Every Sunday morning, Farnsworth and his old lady attended the 10:30 service at St. Mark’s United Methodist up off of Wisconsin. I shuffled in the cold across the street under a funeral parlor overhang and waited for church to let out. I wasn’t presentable – hell, I was still picking glass out of my coat sleeves – but mainly I hadn’t felt comfortable going to church ever since I got back from the war. Somewhere in Korea, me and God parted ways.
Folded in my pocket (the one that didn’t have Hugo’s tape in it) were the pages I’d typed on the Aranjuez story. It was some of my worst writing, but I wanted to get as much as possible on the record before the next time someone tried to put a bullet in me. I thumbed the sheets, obsessively checking to make sure they were there, when some guy in an overcoat passed by and gave me two quarters. I took them without thinking and only realized what had happened after the guy had turned the corner.
Great. I was now officially a bum.
When the congregation filed out around 11:45, I stubbed my cigarette and crossed the road. Mrs. Farnsworth spent a minute holding the pastor’s hand and congratulating him on his fine sermon. George kept checking his watch.
I caught his eye and tipped my hat. He mouthed the word “Jesus” when he got a load of my appearance, then pointed his thumb toward a leaf-covered walkway to the side of the church, next to a small cemetery. I nodded and shuffled through the herd of parishioners to wait for him.
“What in the name of all the Disciples happened to you?” he asked. “You spend the night in a dumpster?”
“More or less. My building blew up after a guy with a machine gun tried to kill me in my apartment. And how was your evening?”
He scowled as if he was waiting for a serious answer, then his face melted a little when he realized I already gave him one.
“Oh god, Jonesy. Thank Jesus you’re alive. Seriously, I mean that. If I had any idea this kind of thing would’ve happened I’d never let you on the case.”
“Well, we’re in it now.” I handed him my pages. “Leslie’s contact gave up a tip on Bordani. He’s involved with an outfit called Kestrel Security. I’m going to pay them a visit tomorrow when their office opens. And I’ve got an angle on Aranjuez. Someone told me to ‘follow the money’ and that got me thinking about those new banking regulations he put in place. San Magin’s got a rep as a tax haven, kind of a poor man’s Switzerland. He might have irritated some powerful people if he started charging rent for all their golden goose eggs. I want to call Roxy and have her look up—”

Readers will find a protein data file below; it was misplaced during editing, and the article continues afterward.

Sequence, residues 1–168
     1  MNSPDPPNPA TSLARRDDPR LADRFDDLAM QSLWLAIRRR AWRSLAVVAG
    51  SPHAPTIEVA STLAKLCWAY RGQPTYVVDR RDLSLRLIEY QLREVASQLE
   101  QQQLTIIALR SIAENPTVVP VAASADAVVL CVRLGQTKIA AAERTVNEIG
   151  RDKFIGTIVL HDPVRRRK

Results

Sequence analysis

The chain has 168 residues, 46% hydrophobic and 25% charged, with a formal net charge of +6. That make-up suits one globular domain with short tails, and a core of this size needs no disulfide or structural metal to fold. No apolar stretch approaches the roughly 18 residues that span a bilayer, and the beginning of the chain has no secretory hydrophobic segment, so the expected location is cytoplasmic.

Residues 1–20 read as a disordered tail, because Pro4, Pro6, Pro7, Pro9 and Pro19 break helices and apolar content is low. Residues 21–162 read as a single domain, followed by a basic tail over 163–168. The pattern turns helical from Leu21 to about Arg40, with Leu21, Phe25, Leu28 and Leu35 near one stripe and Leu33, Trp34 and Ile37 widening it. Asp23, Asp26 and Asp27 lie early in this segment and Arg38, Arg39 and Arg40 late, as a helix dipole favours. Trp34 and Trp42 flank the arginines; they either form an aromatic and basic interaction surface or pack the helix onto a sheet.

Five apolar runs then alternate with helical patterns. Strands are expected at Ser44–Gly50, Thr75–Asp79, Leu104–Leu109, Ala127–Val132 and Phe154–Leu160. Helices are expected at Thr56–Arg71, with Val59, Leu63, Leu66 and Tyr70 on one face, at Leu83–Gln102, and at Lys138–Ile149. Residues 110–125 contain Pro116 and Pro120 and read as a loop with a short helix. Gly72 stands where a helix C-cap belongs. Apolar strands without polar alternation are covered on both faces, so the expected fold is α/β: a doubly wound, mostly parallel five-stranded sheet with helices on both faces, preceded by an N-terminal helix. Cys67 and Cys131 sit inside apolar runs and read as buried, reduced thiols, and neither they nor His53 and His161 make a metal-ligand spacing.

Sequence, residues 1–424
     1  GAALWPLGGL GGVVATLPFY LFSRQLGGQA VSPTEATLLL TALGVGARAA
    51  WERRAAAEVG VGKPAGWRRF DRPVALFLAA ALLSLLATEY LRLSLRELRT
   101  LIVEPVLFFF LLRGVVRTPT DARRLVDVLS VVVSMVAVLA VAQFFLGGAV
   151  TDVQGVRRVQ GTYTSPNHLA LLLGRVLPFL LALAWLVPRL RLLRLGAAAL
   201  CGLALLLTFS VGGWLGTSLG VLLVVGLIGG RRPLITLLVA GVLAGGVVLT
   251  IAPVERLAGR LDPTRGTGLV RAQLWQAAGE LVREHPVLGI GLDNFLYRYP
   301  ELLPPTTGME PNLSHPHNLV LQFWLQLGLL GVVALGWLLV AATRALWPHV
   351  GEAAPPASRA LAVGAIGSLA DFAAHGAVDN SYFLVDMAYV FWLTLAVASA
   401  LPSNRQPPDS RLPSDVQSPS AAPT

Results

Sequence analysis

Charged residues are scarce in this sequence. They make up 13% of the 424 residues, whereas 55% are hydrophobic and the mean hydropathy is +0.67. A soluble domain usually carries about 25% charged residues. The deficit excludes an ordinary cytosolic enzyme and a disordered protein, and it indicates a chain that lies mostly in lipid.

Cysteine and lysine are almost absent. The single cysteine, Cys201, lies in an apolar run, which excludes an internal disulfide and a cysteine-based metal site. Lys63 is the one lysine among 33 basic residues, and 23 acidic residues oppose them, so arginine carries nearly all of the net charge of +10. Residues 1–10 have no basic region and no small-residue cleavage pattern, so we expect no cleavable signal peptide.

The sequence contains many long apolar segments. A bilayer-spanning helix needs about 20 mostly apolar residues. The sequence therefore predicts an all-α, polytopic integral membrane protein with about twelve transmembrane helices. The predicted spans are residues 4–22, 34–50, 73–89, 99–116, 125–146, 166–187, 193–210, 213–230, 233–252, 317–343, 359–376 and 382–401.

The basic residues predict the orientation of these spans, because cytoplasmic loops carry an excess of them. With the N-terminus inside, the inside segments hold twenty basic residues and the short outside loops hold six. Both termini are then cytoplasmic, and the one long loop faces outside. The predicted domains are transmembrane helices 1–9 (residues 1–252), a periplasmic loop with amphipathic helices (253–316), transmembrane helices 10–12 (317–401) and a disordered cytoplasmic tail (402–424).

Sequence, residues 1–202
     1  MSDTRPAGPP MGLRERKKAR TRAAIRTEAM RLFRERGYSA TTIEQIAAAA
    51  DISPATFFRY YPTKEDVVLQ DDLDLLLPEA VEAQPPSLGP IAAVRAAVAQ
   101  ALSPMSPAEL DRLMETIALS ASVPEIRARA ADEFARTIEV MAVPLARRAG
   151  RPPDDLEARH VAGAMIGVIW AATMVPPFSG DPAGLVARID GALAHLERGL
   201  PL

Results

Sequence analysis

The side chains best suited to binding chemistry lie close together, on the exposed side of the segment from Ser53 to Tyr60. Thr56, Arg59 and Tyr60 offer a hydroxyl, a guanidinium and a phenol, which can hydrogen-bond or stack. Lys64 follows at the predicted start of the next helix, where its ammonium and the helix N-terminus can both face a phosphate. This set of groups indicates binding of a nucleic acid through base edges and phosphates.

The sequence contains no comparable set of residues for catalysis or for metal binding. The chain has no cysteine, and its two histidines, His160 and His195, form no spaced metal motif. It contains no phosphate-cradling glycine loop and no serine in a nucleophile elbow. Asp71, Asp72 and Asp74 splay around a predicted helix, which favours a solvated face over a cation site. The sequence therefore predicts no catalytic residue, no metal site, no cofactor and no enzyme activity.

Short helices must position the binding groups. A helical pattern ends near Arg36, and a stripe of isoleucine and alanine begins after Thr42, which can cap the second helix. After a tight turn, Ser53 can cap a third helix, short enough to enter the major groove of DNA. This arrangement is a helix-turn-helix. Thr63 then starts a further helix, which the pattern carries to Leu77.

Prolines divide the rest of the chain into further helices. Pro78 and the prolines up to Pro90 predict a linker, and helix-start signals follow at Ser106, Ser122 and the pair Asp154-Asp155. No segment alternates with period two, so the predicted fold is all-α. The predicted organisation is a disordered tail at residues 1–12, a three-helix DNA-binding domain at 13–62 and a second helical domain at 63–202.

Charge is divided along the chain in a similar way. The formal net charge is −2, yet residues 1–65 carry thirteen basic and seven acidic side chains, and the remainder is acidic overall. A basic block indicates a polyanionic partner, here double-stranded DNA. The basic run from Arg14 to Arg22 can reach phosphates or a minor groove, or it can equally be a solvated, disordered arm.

“Hold it there. I don’t want any more hit men coming after you, and I certainly don’t want them after Roxy. I’m killing the story.”
“The hell you are. This is too big, Georgie. It’ll put the Street on the map. Hell, it’ll put me on the map. You, me, Leslie, if we bust open this thing, we’ll finally get the respect—”
“Jones. Stop.” Farnsworth’s face went tight in a way that I usually associated with ‘Do not disturb, I’m writing an editorial.’ “First, never call me Georgie again. ‘Mr. Editor, Sir,’ will do nicely. And second, I’ve got plenty of respect, apparently from everyone except you. Now I’ve told you this before and I’ll tell you again until you drill it into your skull. The Street is not, I repeat, NOT a scandal rag. We’re not looking for that ‘one big story’ that’ll make us famous. Our magazine is reliable, professional, and trustworthy. That’s where our strength is, not in the headline scoops. You can’t count on scoops to pay the bills. At best, they put a target on your head. Haven’t you figured that out?”
I boiled under Farnsworth’s barrage. “Look,” I said, “I’m not backing down from this. People have died, and more will if we don’t sort this out.”
“So go to the cops!” His voice went up a whole register. “Fine, we don’t trust those NSA goons, but there’s got to be someone we can take it to. I’ve got an in with the U.S. Attorney’s Office. I’ll call ‘em as soon as I get home, get this thing out in the open.”
“Fine, but I can’t leave it alone. Whoever you talk to has got to know that we’re not going to drop this. Sweeping this under the rug can’t be an option. It’s too big for that.”
“No, you’re right,” Farnsworth said. “And I hate it that you’re right. And I hate that of all my reporters, it’s you who had this fall in their lap.”
That stung. “Why do you say that?”
“Because you’re too desperate to prove yourself. It’s like you want to atone for the fact that you used to write for that trashy L.A. paper. And I could tell you a million times that a paying job is nothing to be ashamed of, and I know damned well you wouldn’t listen.”
I turned to look at the graveyard. Farnsworth was right, of course. I was ashamed of how I’d wasted five years in Los Angeles, and I was desperate to accomplish something important to make up for it. I was sick of Allan “Smithee” getting all the ink; I wanted Allan Jones to do something worth remembering before he ended up in the ground.
“Look, I’ll be careful, okay? I’ve got a… friend who’s helping me out. He pulled my ass out of the fire last night, and I’m lying low while I work the rest of this. I’m watching my back.”
“Fair enough, but I’m still calling my guy at the Attorney’s Office. And Allan… When was the last time you had anything to eat?”
“Lunch yesterday?” I honestly wasn’t sure.
Farnsworth pulled out his wallet and gave me a fiver. “Don’t stick your neck out too far. We’re not at war. No one expects you to lay down your life.”
“Maybe someone should,” I said. “Maybe people ought to do that more often.”
“Where did all the red tape go?”
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I got off the trolley on Pennsylvania near a hot dog joint that was open for lunch on weekends. The streetcar was almost empty, so I noticed when a guy in an overcoat got off right behind me. I watched his reflection in storefront windows as he followed me down the block to the diner, and when I slipped inside I swear he turned to face me as he kept going.